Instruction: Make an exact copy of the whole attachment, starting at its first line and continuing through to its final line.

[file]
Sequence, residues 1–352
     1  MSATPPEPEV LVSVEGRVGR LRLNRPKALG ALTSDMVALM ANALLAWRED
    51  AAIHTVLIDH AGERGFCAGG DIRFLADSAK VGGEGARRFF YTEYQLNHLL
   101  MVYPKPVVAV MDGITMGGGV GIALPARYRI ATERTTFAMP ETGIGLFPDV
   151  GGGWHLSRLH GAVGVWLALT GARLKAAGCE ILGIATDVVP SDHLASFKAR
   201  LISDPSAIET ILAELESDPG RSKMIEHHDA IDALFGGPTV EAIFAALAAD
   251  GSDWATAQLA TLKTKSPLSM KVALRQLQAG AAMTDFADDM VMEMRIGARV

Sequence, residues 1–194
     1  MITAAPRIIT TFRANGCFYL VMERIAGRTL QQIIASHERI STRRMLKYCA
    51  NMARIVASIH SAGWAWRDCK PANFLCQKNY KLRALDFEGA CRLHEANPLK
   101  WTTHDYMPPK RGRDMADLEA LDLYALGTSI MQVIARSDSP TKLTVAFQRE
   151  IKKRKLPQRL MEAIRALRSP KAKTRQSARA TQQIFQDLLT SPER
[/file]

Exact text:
Sequence, residues 1–352
     1  MSATPPEPEV LVSVEGRVGR LRLNRPKALG ALTSDMVALM ANALLAWRED
    51  AAIHTVLIDH AGERGFCAGG DIRFLADSAK VGGEGARRFF YTEYQLNHLL
   101  MVYPKPVVAV MDGITMGGGV GIALPARYRI ATERTTFAMP ETGIGLFPDV
   151  GGGWHLSRLH GAVGVWLALT GARLKAAGCE ILGIATDVVP SDHLASFKAR
   201  LISDPSAIET ILAELESDPG RSKMIEHHDA IDALFGGPTV EAIFAALAAD
   251  GSDWATAQLA TLKTKSPLSM KVALRQLQAG AAMTDFADDM VMEMRIGARV

Sequence, residues 1–194
     1  MITAAPRIIT TFRANGCFYL VMERIAGRTL QQIIASHERI STRRMLKYCA
    51  NMARIVASIH SAGWAWRDCK PANFLCQKNY KLRALDFEGA CRLHEANPLK
   101  WTTHDYMPPK RGRDMADLEA LDLYALGTSI MQVIARSDSP TKLTVAFQRE
   151  IKKRKLPQRL MEAIRALRSP KAKTRQSARA TQQIFQDLLT SPER